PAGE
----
The ancient capital of the Kathmandu Valley is an earthy composition of ornate brickwork and wood filigreed temples built by the Newar tribe. In Bhaktapur’s Durbar Square; the relief carvings on the golden Suun Dhoka Gate, and stone images of the eighteen-armed Ugrachandi, elephant-headed Ganesha, and hawk-billed Garuda transport you back to an mythic era when India was the jewel of Asia.
The Hindu caste system was once a pragmatic attempt to provide a stable social structure to an unruly population of wild, war-like nomads, and overcome those problems inherent in a primitive environment. But, like all human “solutions,” those who come out on top can afford to view it as a panacea.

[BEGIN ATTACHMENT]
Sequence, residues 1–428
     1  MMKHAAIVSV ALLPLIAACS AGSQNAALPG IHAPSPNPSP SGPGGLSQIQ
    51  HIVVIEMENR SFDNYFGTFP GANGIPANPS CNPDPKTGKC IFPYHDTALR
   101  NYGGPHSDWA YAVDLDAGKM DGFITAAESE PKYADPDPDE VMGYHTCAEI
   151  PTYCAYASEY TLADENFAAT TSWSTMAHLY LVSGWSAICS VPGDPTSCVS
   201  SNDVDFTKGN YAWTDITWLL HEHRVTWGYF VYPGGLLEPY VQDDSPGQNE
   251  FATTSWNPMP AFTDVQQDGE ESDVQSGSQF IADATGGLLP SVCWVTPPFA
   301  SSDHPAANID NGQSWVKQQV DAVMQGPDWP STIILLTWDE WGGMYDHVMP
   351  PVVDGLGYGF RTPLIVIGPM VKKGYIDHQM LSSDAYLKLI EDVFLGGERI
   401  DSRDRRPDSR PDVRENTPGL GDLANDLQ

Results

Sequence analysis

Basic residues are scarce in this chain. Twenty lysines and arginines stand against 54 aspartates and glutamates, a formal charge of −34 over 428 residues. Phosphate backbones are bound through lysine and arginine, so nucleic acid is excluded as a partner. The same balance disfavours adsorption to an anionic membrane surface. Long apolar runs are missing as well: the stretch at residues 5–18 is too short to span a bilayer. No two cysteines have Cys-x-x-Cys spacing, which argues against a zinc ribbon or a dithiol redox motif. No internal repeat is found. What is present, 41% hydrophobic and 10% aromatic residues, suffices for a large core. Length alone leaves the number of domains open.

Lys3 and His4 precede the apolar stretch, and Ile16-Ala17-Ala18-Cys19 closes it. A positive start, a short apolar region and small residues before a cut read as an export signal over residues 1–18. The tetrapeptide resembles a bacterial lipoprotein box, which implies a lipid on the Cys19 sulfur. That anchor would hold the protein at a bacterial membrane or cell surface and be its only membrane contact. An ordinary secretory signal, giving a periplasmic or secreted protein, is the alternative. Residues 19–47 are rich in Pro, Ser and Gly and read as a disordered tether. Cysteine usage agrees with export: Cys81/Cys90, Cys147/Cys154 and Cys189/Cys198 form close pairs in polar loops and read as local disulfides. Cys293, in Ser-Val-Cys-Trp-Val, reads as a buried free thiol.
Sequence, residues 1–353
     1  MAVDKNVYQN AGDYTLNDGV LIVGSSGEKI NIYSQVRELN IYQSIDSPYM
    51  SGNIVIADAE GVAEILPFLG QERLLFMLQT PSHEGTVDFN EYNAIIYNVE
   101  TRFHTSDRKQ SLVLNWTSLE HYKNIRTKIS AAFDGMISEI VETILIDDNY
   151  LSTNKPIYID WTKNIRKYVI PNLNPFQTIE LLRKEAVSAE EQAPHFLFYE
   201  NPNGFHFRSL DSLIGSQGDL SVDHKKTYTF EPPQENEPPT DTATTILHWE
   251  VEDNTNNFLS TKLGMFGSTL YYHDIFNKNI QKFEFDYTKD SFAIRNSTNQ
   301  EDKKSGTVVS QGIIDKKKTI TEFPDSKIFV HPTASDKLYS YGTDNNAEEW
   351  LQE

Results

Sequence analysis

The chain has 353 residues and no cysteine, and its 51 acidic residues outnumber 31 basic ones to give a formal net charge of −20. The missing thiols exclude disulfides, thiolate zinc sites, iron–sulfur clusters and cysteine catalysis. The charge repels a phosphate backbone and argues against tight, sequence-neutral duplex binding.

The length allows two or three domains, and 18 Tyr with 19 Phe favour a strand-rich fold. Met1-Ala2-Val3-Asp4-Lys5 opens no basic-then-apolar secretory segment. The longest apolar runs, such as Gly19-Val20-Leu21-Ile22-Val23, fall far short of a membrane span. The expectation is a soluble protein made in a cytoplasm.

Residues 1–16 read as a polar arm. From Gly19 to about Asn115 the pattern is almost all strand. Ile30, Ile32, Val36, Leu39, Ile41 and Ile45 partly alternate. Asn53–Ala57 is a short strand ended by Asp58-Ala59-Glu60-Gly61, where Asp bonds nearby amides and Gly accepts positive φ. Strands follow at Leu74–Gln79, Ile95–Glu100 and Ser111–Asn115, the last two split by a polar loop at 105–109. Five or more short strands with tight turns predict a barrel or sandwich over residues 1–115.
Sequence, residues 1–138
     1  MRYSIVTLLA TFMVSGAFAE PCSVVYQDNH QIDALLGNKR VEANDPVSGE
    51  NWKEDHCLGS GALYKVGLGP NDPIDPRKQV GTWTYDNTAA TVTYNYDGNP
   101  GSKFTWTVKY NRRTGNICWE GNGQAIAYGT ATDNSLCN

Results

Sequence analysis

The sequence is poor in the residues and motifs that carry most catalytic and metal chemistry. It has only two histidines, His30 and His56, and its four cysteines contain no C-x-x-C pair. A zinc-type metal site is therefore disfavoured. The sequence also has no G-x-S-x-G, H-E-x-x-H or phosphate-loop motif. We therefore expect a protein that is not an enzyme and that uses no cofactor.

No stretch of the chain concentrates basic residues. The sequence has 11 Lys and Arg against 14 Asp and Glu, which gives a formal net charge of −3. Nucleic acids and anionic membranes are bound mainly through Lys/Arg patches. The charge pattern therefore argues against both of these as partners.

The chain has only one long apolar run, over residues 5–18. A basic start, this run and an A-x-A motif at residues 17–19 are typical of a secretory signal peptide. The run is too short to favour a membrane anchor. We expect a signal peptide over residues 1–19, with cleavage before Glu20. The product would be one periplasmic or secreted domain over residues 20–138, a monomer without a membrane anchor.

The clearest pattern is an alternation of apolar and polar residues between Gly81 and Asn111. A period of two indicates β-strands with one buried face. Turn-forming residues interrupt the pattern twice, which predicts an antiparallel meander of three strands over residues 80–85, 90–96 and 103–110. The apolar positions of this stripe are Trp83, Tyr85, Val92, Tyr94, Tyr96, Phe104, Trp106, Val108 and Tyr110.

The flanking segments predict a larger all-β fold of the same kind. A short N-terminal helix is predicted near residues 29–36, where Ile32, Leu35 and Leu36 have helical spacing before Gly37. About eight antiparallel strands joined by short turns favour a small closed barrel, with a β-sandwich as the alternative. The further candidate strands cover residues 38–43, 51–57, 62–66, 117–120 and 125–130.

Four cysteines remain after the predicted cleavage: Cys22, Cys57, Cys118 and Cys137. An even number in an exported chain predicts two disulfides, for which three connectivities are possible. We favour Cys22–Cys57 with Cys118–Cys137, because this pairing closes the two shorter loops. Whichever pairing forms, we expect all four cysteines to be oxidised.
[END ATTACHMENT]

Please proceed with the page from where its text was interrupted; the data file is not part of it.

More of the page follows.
“In our community, there is very little crime,” says Gopal—a Brahmin, of course—with condescending pride. “Not like in your country. That is because we are a very religious people. We believe our lives are governed by the gods. So everything is already worked out for us, you see? We do not have to worry about who we will marry, or how many children we will have, because the gods will take care of that. If we have lots of money it is because the gods will us to have it. If we are poor, or of a low caste, it is also because of the gods. We always have someone to thank—or someone to blame. So, no problem! Everyone knows his place.”